Soviet control of Eastern Europe was most seriously jeopardized in 1956, during the relaxation following the first wave of de-Stalinization. Popular discontent and rallies in Poland were followed by agreements in October and November 1956 providing for cancellation of some Soviet debts, the granting of additional credits, acceptance of the new Polish leadership under W?adys?aw Gomu?ka, and continuance of Soviet troops in the country. In Hungary, student and worker demonstrations on behalf of national independence led to a change of government, a Soviet military intervention which killed thousands, and the formation of a new pro-Soviet government under J´nos Kád´r.
The next crisis, in Czechoslovakia in 1968, reflected the looser Soviet system of review after 1960 and the pressure for economic and social change within the Czechoslovak Communist Party. Clamor for reform resulted in the peaceful replacement of Antonín Novotný as head of the party and of the state by Alexander Dub?ek and Ludvík Svoboda, both Communists long loyal to Moscow. Soviet leaders were alarmed by the Prague Spring, particularly by the termination of censorship and talk of closer economic relations with the West.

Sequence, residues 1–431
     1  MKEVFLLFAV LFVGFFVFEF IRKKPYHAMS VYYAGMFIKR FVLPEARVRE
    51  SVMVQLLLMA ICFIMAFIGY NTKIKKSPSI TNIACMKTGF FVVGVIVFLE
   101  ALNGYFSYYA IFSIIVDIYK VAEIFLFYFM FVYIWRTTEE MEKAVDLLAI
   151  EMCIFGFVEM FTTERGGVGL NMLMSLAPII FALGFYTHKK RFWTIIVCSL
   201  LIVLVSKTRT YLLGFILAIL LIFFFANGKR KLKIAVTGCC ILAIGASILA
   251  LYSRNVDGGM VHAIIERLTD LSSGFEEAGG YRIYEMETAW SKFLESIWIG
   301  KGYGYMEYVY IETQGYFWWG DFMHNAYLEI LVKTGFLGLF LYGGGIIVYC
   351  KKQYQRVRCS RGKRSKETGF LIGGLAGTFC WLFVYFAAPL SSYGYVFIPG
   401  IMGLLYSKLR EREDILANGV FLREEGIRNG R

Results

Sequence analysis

After weeks of relentless pressure failed to get the Czechoslovaks to drop the reform program, 600,000 troops from the Soviet Union, and token troops from all other Warsaw Pact countries except Romania, invaded and occupied Czechoslovakia on the night of August 20, 1968. Passive resistance—such as changing street signs to confuse the invading troops—lasted throughout the occupation, but the Warsaw Pact forces gradually won their way. Dub?ek was removed in April 1969, and the hated controls were reimposed.
The destruction of the reform movement in Czechoslovakia was reflected in tightened controls in the USSR and served to reassert the Soviet grip over all of Eastern Europe except Yugoslavia, Albania, and Romania. It split what remained of the international Communist movement apart, alarmed the West, and delayed negotiations on nuclear disarmament. "USSR" © Emmanuel BUCHOT, Encarta, Wikipedia.
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